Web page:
By Larry Rother, New York Times, June 30, 2005
BRAÚNAS, Brazil - ...
Encouraged by highly organized groups of smugglers offering relatively cheap
packages, Brazilians recently have been migrating in record numbers to the United
With direct entry to the United States tougher than in the past, more often
than not their route of choice is through Mexico, which in recent years has stopped
requiring entry visas of Brazilians.
During just two days in late April, Border Patrol agents in south Texas detained
232 Brazilians who had entered the United States illegally.
All told, more than
12,000 Brazilians have been apprehended trying to cross the United States-Mexican
border this year, exceeding the number detained in all of 2004 and pushing Brazilians
to the top of the category known as "other than Mexicans."
Mexico, facing growing complaints from Washington, is now contemplating restoring
visa formalities for Brazilians. That in turn has led to a fever among potential
migrants here in the vast heartland of south-central Brazil to obtain a passport
and head for Mexico before the door there starts swinging shut.
At the Federal Police office in Governador Valadares, the main city in this
fertile region of rolling hills, the line of people seeking passports each day
stretches around the block.
Those waiting one afternoon did not want to talk with a reporter about their
travel plans, but the Federal Police delegate for the region, Rui Antônio
da Silva, estimated that 90 percent were headed for the United States via the
Mexican route. "We believe that just in this region there are about 30 gangs
that offer this service to people," he said. "It's a very lucrative
business, and a lot of people are involved."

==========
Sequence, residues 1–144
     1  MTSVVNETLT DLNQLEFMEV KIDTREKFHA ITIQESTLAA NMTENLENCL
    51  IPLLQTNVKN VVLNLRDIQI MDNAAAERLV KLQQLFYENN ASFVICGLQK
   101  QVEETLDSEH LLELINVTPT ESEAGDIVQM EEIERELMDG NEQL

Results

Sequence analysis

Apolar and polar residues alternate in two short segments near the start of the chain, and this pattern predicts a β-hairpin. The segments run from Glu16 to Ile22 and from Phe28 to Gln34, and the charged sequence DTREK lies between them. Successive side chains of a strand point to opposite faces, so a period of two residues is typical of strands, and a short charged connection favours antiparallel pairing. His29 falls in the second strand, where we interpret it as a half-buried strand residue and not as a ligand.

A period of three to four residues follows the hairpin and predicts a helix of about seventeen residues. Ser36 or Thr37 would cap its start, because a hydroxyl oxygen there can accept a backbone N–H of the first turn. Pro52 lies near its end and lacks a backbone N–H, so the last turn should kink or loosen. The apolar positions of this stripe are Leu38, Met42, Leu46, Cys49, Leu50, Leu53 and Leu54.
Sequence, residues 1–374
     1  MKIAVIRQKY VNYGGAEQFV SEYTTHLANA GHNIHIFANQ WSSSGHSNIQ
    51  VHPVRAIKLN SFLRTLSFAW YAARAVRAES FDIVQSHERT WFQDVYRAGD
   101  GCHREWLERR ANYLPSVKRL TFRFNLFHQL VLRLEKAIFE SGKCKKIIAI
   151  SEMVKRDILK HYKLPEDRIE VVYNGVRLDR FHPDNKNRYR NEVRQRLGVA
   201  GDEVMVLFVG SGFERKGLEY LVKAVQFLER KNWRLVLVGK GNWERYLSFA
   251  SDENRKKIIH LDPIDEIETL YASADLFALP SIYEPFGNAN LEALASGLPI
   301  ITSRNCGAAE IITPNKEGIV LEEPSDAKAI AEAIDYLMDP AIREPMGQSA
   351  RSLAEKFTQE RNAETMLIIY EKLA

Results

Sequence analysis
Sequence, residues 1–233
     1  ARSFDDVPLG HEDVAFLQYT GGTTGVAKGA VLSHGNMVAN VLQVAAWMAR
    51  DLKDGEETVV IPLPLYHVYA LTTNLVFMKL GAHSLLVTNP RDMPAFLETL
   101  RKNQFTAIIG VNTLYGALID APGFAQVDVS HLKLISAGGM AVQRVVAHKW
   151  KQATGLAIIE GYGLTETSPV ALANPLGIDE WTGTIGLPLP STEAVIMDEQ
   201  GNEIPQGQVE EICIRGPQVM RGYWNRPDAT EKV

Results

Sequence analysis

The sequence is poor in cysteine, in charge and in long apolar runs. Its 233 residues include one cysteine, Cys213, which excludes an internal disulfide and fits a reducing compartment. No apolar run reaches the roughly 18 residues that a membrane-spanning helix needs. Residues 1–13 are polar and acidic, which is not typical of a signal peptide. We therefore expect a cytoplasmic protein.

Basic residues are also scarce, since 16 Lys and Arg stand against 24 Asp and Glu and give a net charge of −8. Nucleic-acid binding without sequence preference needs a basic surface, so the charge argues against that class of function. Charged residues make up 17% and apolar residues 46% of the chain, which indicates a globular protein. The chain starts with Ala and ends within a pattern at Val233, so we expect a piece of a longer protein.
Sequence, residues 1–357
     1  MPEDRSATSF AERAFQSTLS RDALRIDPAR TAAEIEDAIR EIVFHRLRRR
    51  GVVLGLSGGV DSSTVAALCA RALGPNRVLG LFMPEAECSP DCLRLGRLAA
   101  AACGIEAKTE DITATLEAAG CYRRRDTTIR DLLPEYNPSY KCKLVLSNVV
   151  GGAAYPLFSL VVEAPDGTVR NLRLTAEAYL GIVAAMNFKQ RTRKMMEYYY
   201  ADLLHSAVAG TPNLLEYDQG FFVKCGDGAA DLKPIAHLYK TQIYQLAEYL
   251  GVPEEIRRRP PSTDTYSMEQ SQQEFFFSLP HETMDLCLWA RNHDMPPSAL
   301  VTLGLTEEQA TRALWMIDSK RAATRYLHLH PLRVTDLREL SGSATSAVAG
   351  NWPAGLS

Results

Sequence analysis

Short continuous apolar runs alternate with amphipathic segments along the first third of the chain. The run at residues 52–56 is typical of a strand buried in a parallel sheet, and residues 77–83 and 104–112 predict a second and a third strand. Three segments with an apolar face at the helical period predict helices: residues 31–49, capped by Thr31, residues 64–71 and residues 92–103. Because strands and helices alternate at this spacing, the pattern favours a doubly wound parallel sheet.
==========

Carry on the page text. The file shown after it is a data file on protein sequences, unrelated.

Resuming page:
Mr. da Silva said that last year his office issued an average of about 45 passports
a day. Since January the number has jumped to a daily average of 140. A few minutes
later, an assistant came into his office. "The numbers just don't stop growing,"
she said. "We hit a new record today, more than 200 passports."
American authorities say that many of the trafficking gangs use travel agencies
as fronts. Governador Valadares, a pleasant city of 250,000 in the sprawling inland
state of Minas Gerais, which is the source of the majority of the Brazilians apprehended
on the Mexican border, now has more than 100 such firms, up from 40 just a couple
of years ago.
People here who have been approached by trafficking rings said that the going
rate at the moment for door-to-door transport to Boston, the preferred destination
of illegal Brazilian immigrants, is about $10,500. That is more than two years'
income for the average Brazilian, but effectively 30 percent less than a year
ago, because the American dollar is weaker now.
Brazilian officials and residents of this region said that unlike smuggling
situations in many places, migrants do not pay in advance and do not pay at all
if they fail to reach the United States, which greatly reduces the financial risk
to potential migrants....
The Brazilian government estimates that between 1.5 million and three million
Brazilians are living abroad, most in the United States or Japan. Last year, according
to a congressional estimate, the emigrants sent nearly $6 billion in remittances
back to Brazil, or about the same amount earned by Brazil's leading export product,